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Kenneth Martin: The Chance and Order Series, Screw Mobiles and Related Works 1953-1984

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Chance was a buzz-word in the arts of the 1950s and 60s - the music of John Cage, for instance, and the 'cut-up' novels of William Burroughs - but seldom brought the aesthetic rewards of the 'Chance and Order' works which Kenneth Martin embarked on in 1969. Then in his mid-sixtiess, Martin had begun as a landscape painter but made his reputation as a sculptor after the Second World War. Mobiles were his speciality: several of them, gleaming and precise in polished brass, revolve slowly in this Annely Juda show, accompanied by their softer-focus shadows on the wall. They are elegant, logical, geometrical; some Calders could seem frivolous by contrast.

Martin said that it was the Minimalist artist Sol Le Witt who prompted his adoption of chance procedures - more accurately, chance allied to certain self-imposed disciplines (consistent size of canvas; colour restricted to primaries, secondaries and white on a black ground; etc). His preliminary graph-paper drawings make both 'chance' and 'order' explicit. Typically, Martin begins with a square-shaped grid which is numbered all around at regular intervals. Two points on opposite sides of this grid - say, point 12 and point 27 - are then determined at random and connected by a straight line, the completed work consisting of many such lines criss-crossing and interweaving at various angles.

While in some drawings (and the paintings that were made from them) these lines reach their targets as swiftly as a serve by Pete Sampras, elsewhere - when Martin modifies his system - they stop short or are deflected, abruptly heading off in another direction. The thickness or thinness of a line, whether or not it reaches the canvas edge, whether it passes over or beneath the other lines that it meets: such questions clearly mattered to Martin as much as to Mondrian.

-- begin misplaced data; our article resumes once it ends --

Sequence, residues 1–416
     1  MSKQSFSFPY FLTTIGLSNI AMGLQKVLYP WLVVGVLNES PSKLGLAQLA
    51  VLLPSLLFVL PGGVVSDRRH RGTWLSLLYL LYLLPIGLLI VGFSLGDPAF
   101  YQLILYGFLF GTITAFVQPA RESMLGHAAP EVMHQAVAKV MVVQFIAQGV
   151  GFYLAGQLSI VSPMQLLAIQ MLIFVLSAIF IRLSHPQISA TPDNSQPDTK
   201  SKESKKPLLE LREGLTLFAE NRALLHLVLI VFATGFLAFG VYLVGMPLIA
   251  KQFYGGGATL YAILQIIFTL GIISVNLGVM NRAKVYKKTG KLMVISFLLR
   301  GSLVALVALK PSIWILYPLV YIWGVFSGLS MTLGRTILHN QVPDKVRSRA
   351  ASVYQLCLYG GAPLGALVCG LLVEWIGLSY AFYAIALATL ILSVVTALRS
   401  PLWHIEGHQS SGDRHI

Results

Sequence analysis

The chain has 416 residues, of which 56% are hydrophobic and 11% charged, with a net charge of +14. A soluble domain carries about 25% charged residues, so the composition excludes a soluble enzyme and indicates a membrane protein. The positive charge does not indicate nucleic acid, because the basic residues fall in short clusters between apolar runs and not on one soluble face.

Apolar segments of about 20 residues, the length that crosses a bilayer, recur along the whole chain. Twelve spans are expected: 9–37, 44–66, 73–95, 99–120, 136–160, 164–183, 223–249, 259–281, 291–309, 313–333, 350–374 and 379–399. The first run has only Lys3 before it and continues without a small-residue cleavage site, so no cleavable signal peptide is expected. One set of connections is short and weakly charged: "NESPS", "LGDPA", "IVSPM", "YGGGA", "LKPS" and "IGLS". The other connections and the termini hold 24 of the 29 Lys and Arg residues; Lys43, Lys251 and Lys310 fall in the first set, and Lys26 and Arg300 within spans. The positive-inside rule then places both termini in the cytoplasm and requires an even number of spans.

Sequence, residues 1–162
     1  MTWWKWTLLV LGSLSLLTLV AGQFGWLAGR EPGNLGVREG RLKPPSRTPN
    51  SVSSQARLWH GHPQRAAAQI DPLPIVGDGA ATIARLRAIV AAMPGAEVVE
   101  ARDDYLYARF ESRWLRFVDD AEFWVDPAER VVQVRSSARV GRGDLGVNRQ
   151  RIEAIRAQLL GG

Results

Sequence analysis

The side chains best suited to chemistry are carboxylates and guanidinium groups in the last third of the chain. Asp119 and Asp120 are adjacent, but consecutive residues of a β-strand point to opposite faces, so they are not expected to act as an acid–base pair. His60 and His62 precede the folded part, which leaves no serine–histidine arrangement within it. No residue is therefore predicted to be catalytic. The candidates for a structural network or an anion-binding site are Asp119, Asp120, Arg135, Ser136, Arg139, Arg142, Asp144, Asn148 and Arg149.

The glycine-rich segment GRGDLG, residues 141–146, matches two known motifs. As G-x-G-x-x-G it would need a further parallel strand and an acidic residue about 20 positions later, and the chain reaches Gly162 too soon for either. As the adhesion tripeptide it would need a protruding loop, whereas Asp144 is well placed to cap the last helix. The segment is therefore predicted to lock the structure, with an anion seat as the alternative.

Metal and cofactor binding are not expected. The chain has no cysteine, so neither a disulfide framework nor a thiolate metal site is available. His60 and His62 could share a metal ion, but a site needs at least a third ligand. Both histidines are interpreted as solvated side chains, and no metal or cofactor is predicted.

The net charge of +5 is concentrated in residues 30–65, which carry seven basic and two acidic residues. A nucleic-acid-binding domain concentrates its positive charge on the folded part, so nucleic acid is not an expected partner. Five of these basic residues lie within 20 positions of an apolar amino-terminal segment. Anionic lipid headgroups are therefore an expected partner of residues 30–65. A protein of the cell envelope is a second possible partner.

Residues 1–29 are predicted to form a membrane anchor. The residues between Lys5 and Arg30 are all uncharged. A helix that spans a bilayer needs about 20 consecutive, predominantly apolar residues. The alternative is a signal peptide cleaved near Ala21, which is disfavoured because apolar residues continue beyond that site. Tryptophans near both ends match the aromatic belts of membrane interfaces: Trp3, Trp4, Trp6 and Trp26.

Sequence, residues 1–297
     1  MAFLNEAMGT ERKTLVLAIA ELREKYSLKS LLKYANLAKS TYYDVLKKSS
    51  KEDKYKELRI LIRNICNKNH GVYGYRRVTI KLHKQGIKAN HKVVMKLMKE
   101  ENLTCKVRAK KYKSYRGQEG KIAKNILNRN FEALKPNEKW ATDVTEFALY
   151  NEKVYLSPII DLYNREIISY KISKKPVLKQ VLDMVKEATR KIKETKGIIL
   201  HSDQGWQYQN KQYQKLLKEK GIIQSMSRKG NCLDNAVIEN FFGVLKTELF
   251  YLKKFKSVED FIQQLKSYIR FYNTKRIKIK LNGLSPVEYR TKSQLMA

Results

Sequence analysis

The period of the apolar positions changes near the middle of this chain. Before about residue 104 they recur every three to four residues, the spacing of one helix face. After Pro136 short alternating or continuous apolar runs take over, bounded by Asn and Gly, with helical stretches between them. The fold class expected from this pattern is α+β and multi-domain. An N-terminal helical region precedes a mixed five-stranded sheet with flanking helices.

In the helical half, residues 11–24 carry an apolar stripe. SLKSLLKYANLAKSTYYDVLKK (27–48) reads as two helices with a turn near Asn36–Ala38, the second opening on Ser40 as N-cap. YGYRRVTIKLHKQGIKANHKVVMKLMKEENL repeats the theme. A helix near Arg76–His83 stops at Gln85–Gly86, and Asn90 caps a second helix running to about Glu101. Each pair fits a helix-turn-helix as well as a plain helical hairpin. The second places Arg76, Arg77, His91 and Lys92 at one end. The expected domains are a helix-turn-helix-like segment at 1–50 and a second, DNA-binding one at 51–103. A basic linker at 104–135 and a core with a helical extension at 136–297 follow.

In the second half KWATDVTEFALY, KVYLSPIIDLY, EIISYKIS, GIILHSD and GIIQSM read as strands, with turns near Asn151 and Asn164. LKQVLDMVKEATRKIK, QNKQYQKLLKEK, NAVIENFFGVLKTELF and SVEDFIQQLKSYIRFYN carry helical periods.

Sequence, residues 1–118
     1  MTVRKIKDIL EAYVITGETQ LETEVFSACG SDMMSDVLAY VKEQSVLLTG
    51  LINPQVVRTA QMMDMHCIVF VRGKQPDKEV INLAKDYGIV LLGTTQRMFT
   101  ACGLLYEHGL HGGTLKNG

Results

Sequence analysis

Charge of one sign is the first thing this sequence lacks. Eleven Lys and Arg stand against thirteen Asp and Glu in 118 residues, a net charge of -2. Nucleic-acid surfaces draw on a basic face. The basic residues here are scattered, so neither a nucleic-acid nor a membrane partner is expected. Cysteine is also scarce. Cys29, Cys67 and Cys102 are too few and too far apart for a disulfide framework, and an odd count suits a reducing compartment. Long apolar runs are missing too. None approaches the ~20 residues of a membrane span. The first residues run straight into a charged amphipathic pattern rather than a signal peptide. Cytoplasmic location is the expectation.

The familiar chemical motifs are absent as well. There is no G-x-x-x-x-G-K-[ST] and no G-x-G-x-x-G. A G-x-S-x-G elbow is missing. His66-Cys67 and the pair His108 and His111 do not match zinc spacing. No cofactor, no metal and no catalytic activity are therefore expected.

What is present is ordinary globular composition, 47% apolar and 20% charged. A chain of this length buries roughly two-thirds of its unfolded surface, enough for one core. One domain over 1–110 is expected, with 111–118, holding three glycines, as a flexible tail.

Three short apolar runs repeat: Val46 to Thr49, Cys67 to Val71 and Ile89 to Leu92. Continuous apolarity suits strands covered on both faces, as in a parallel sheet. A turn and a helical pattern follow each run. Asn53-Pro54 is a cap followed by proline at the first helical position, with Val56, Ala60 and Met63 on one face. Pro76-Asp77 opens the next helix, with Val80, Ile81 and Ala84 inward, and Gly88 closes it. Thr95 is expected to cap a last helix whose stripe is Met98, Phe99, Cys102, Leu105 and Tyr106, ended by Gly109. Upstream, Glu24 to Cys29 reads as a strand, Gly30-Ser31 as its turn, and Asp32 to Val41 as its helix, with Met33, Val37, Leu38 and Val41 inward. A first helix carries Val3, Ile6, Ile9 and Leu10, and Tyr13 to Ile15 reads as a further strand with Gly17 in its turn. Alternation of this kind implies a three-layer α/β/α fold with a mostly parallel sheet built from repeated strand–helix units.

In the completed works there is the illusion of a highly compressed 3d space, charged with energy. Some have the look of warped skeletal cages, more complex than anything Frank Gehry has designed. While in reproduction the paintings in particular may seem dry or mechanical, in reality there is a strong sense of Martin's personal touch: the fluctuating intensity of a blue line, a flicker of yellow underpainting, the physicality of the white ground with its scribbled, tactile brushstrokes.

Ultimately, for Martin, chance was in the service of order; methodical procedures took precedence. This deftly installed exhibition, sampling 30 years of his output, proves what a spur to creativity strict parameters can be.

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